You can’t mistake the front line between the Syrian army and Turkey’s occupation force east of Aleppo. The Syrians drove Isis out just a month ago and Russian troops are now present on both sides of the T-junction which marks the line between the two Middle Eastern armies in Tader and al-Bab. But there’s no mistaking the makers of the obscene iron scaffold which brought both armies crashing across this bleak, smashed countryside: a crucifixion cross left standing for its next victim when the Syrians arrived in Tader.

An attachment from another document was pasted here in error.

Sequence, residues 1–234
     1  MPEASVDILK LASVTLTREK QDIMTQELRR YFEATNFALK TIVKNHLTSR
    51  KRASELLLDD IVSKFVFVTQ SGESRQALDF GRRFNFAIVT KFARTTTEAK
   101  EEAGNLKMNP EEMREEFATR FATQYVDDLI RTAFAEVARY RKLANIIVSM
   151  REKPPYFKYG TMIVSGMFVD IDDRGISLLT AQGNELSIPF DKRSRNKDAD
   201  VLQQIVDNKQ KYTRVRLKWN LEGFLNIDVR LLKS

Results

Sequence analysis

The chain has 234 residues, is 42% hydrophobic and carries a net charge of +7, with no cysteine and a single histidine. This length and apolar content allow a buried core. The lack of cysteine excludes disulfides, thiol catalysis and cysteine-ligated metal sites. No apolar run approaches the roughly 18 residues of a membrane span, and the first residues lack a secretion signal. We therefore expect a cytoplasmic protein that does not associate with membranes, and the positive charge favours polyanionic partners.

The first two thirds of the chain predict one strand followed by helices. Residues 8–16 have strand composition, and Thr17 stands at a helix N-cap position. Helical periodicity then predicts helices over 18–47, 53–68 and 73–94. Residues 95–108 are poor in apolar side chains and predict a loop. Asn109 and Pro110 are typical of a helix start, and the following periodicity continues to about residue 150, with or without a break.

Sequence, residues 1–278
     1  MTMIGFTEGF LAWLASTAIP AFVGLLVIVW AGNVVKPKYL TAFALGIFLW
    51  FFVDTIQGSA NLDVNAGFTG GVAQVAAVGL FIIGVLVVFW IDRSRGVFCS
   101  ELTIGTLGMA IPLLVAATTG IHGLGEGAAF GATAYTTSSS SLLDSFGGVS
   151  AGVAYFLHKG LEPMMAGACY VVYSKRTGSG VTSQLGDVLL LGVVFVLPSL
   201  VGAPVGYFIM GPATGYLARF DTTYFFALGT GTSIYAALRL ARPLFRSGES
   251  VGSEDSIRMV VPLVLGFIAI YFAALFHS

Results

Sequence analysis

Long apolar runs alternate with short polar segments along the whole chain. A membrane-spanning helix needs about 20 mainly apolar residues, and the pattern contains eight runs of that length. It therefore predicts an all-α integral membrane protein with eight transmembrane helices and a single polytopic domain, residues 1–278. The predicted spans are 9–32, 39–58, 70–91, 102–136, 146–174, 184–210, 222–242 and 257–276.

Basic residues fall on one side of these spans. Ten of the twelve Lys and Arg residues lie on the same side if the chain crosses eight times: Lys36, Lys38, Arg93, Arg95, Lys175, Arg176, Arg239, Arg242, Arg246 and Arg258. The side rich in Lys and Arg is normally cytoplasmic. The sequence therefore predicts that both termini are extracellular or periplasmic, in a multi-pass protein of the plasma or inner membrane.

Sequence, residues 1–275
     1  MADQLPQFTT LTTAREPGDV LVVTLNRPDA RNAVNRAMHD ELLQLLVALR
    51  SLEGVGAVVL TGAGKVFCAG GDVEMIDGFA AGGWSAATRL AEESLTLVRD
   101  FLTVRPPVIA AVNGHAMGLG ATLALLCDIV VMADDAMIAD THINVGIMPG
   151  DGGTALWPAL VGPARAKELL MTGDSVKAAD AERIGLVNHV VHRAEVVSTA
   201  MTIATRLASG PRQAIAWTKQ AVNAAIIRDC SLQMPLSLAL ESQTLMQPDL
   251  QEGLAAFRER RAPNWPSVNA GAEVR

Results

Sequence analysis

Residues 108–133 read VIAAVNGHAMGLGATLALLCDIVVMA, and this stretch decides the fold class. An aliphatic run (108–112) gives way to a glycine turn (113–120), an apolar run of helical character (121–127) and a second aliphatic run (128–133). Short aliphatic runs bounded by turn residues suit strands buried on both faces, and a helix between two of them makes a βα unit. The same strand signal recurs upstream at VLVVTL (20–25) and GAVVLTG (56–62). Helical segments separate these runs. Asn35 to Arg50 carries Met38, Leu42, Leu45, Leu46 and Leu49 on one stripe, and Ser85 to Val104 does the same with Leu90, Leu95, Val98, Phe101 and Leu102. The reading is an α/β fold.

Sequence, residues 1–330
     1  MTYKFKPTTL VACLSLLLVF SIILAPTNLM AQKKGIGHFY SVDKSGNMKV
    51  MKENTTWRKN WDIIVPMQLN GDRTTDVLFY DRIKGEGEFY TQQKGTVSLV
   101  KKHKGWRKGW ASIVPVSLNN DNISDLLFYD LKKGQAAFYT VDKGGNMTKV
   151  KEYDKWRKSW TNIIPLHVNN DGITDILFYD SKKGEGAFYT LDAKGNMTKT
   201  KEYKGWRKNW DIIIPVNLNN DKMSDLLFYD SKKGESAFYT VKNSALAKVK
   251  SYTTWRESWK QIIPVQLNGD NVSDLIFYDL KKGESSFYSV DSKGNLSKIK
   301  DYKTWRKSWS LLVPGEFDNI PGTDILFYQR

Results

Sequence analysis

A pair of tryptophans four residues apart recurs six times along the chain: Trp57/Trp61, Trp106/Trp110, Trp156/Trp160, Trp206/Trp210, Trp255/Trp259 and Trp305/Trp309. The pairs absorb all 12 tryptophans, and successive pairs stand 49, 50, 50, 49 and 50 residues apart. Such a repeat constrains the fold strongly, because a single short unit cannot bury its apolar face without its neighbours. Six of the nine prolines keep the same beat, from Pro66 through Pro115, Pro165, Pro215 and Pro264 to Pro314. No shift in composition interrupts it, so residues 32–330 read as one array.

There’s even the remains of a screen on which Isis would replay DVDs of previous executions in case the villagers had forgotten whom their masters were. For two years, Isis ruled this broken countryside. Men who smoked or whose wives did not conform to their niqab dress code, were forced to dig the military trenches and tunnels which vein the rich fields between Tader and the old Aleppo-Raqqa motorway to the south. Those guilty of more heinous crimes were taken to the revolting implement at the T-junction.